Marketing message patterns … use trends as the starting point
If you see an opportunity to make a natural connection between your industry and something that is being talked about in the news today, go for it.
For example, you could play off of themes found in popular movies or television shows that parallel the brand story you are trying to tell, like in this post on How Apple’s story is like ‘Breaking Bad.’
Marketing messages examples … choose analogies that reflect great imagery
If your analogy has some great images associated with it, don’t be afraid to milk them for all they are worth and use those images throughout your brand presence. Is your bank like a mama bird, protecting your customer’s nest eggs and fighting off market fluctuations that threaten their security?
If so, then create an image of a bird mascot that shows us that process, or creates a video that transposes images of how this occurs in nature and how you artificially mimic it.
Effective marketing messages … gather examples
Examples are easier than making imaginative analogies which hop domains. In some areas, they may even be better. I always found philosophy to be more amenable to examples than more cosmopolitan topics which travel beyond their native subject.
Sometimes the analogy is a case. Speedometers aren’t just an analogy of derivatives; that’s what they are! Nothing will be more representative of an idea than an example of the design itself.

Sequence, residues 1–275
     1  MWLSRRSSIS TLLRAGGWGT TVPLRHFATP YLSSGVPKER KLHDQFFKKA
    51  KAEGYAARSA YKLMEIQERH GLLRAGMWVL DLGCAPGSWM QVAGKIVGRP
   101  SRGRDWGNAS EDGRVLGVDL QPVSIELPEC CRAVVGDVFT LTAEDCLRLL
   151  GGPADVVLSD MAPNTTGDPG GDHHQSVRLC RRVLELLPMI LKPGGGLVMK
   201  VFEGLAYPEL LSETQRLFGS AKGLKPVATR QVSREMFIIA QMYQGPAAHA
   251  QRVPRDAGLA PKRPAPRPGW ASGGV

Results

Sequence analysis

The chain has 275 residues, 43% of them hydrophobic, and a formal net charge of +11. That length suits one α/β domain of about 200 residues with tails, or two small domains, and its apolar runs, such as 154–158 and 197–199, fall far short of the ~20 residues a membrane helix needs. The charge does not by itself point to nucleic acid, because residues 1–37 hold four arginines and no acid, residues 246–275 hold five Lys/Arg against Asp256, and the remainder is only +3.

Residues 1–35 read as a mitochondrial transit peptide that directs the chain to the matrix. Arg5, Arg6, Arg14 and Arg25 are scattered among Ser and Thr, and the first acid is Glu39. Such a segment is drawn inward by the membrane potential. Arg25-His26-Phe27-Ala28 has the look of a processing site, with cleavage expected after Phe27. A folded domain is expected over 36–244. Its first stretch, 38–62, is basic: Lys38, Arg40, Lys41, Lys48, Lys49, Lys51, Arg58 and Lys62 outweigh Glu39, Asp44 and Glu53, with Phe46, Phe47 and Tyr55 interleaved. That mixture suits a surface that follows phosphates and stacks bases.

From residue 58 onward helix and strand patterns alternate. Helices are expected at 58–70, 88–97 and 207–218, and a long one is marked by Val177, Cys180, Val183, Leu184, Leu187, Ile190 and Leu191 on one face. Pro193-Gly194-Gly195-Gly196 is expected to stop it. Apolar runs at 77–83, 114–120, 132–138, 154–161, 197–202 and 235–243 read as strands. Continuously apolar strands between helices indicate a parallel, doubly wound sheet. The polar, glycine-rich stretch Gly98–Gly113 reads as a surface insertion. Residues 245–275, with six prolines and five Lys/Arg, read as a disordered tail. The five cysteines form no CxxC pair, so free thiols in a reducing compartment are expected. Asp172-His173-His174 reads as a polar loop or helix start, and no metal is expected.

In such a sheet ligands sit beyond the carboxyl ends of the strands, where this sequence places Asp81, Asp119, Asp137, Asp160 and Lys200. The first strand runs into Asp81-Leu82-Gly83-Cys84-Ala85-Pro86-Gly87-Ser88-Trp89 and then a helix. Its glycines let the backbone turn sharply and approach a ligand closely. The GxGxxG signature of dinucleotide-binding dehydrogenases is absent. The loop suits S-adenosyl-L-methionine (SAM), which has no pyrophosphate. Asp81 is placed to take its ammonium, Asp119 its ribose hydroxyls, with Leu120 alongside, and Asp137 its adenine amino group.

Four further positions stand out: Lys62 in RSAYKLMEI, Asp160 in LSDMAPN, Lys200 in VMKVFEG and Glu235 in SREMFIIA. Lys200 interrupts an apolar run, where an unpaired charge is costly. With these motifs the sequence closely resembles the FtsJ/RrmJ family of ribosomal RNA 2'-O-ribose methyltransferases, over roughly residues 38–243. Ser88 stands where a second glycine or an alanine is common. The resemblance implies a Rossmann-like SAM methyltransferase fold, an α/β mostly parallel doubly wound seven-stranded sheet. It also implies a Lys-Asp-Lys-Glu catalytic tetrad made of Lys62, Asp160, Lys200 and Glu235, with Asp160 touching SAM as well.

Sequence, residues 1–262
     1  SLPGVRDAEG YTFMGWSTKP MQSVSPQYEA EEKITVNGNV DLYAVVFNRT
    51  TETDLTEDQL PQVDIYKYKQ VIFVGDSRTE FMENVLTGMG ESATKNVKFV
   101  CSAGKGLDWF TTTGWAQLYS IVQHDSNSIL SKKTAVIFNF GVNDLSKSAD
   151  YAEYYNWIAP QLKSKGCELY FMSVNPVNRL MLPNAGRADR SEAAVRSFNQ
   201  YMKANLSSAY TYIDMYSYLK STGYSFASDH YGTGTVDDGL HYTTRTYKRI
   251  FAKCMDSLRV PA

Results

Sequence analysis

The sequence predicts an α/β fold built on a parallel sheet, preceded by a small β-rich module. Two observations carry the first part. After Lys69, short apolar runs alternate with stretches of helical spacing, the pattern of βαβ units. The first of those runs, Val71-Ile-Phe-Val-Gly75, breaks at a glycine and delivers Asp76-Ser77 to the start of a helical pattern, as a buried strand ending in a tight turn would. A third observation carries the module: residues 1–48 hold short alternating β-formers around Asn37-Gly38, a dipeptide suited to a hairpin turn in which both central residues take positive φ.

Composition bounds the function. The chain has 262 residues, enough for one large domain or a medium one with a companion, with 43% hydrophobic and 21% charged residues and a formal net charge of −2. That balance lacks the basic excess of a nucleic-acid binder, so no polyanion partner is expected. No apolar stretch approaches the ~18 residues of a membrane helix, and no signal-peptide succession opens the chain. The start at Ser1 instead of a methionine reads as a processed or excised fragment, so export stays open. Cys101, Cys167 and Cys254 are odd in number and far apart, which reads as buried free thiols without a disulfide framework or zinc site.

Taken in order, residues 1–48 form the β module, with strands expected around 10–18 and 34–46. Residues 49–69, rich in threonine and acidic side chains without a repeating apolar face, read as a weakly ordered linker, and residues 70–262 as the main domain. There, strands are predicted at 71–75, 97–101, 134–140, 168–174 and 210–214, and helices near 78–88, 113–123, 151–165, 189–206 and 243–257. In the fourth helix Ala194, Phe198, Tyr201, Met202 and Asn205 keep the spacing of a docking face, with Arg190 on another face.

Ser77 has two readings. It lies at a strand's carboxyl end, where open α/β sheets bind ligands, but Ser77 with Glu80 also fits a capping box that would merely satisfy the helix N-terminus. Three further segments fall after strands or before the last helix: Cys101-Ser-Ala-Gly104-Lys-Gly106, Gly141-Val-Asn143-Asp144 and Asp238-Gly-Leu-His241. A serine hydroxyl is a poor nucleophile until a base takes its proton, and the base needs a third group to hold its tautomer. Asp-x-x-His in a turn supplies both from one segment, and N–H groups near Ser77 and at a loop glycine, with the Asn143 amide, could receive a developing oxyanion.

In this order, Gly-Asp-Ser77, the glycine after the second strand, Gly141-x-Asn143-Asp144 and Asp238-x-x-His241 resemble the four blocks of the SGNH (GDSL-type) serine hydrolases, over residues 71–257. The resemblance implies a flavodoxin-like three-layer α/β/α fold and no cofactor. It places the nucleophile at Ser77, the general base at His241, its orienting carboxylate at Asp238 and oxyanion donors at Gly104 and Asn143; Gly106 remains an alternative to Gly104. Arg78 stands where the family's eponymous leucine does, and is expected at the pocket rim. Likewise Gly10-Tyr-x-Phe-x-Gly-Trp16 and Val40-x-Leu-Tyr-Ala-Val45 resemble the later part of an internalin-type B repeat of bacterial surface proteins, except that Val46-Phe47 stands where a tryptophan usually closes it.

Even if you desire a more creative hook to hang your thoughts, examples become a gateway to more original understandings.
Find familiar experiences
Look for a setting or everyday experiences where you might be able to generate one. There are some settings/ experiences for discovering analogies than others.
Here is an excellent example of using familiar experiences. Do you recall watching a quarterback being ‘blindsided’ by an opposing linebacker? Never saw it coming, did he? That is the analogy Terry Bradshaw uses in describing his case of Shingles.
Watch him use the analogy in this commercial. Quite useful, isn’t it?
Terry Bradshaw talks Shingles
Compare and contrast
No analogy is entirely representative unless it is the idea itself. Even examples fail to generalize perfectly, which is why we have abstractions in the first place.
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One way around this is to examine the metaphor more closely. Where does it match the idea? Where does it not? Just doing this exercise will improve your understanding, even if you don’t modify your analogy as a result.
It is always useful to appreciate good analogies like art or inventions. An analogy compromises between familiarity and representativeness, with good analogies choosing just the right amount of the context.
The best analogies not only explain, but they also inspire. They pour color into a featureless void and breathe life into something static. They make the entire subject they cover more beautiful and exciting. Good analogies aren’t just tools; they’re art.
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Mike Schoultz is the founder of Digital Spark Marketing, a digital marketing and customer service agency. With 40 years of business experience, he blogs on topics that relate to improving the performance of your business. Find them on G+, Twitter, and LinkedIn.